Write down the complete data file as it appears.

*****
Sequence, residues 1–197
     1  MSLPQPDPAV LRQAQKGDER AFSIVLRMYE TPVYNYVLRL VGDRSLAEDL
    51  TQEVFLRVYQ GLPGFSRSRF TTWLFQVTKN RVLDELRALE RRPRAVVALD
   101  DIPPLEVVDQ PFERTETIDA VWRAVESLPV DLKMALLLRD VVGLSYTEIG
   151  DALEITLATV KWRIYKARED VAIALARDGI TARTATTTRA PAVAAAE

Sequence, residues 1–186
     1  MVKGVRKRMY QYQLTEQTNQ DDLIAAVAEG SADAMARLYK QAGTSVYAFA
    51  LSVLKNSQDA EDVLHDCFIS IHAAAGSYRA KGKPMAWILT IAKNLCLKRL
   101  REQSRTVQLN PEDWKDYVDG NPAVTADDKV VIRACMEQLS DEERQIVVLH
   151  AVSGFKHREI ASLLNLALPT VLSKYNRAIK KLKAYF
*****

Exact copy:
Sequence, residues 1–197
     1  MSLPQPDPAV LRQAQKGDER AFSIVLRMYE TPVYNYVLRL VGDRSLAEDL
    51  TQEVFLRVYQ GLPGFSRSRF TTWLFQVTKN RVLDELRALE RRPRAVVALD
   101  DIPPLEVVDQ PFERTETIDA VWRAVESLPV DLKMALLLRD VVGLSYTEIG
   151  DALEITLATV KWRIYKARED VAIALARDGI TARTATTTRA PAVAAAE

Sequence, residues 1–186
     1  MVKGVRKRMY QYQLTEQTNQ DDLIAAVAEG SADAMARLYK QAGTSVYAFA
    51  LSVLKNSQDA EDVLHDCFIS IHAAAGSYRA KGKPMAWILT IAKNLCLKRL
   101  REQSRTVQLN PEDWKDYVDG NPAVTADDKV VIRACMEQLS DEERQIVVLH
   151  AVSGFKHREI ASLLNLALPT VLSKYNRAIK KLKAYF